The communication revolution has resulted in increased awareness of other societies and cultures and greater understanding of the interdependency of international political and economic events. Instant news reports from Moscow, Berlin, London, Mexico City, Bogota, and Cape Town underscore the ease of access to other parts of the world as well as a growing familiarity with other countries. Indeed, we live in an increasingly smaller world or "global village" due to the communication revolution.
This revolution has helped generate more interest in other societies especially in the areas of travel and education. More and more people travel abroad each year in search of new and exotic experiences.
Popular destinations are often those that have received extensive media coverage. In 1990, for example, more and more tourists headed for the Soviet Union and Eastern Europe because of highly publicized political changes taking place there. With the collapse of communism and the Soviet Union in 1991, fewer tourists ventured into what appeared to be chaotic political and economic situations in the former Soviet Union and Eastern Europe. Thailand, Indonesia, and Morocco became "in" destinations for travelers interested in visiting unique and exotic places.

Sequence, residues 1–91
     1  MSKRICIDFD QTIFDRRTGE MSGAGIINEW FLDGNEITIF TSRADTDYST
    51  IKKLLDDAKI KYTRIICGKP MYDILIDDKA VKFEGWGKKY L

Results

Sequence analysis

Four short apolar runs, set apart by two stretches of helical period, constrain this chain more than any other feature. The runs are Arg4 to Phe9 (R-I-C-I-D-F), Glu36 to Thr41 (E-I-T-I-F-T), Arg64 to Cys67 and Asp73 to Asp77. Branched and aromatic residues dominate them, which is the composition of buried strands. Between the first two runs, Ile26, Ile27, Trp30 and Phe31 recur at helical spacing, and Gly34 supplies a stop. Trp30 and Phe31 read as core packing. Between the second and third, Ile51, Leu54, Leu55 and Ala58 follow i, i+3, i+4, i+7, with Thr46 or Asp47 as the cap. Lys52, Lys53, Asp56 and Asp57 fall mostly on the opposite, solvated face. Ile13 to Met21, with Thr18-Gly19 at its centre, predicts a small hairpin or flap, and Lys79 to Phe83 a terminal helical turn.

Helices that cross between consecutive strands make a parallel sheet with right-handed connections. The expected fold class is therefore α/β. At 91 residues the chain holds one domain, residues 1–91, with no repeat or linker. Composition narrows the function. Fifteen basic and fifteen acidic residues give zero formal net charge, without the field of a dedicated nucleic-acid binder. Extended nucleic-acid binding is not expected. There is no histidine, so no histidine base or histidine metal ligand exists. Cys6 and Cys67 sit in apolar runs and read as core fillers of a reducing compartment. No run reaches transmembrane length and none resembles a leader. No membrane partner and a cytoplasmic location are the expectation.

Educational programs are increasingly becoming internationalized as they include more courses and programs on international affairs, languages, and business. Today, more than ever, students have opportunities to study and work abroad as part of international study, internship, and exchange programs. At the same time, English has increasingly become the language of international travel and business, and demand for native speaking English teachers in many countries remains high.
The communication revolution should continue throughout the 1990s in further internationalizing educational programs as well as generating interest in traveling abroad. Not surprising, education and travel should be major growth industries in the decade ahead.
Education and travel should be major growth industries in the decade ahead. (Read this before or Continue Reading)